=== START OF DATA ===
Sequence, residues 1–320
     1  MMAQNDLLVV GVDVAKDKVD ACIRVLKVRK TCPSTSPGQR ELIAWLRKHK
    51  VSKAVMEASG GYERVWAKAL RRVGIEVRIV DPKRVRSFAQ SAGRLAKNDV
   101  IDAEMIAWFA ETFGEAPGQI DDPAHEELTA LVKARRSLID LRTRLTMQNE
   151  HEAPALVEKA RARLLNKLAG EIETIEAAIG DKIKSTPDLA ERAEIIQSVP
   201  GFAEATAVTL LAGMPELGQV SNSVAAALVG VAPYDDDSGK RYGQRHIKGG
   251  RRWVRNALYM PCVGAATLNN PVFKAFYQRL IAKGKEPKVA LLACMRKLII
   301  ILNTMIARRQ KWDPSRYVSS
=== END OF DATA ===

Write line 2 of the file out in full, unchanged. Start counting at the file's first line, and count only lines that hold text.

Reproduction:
     1  MMAQNDLLVV GVDVAKDKVD ACIRVLKVRK TCPSTSPGQR ELIAWLRKHK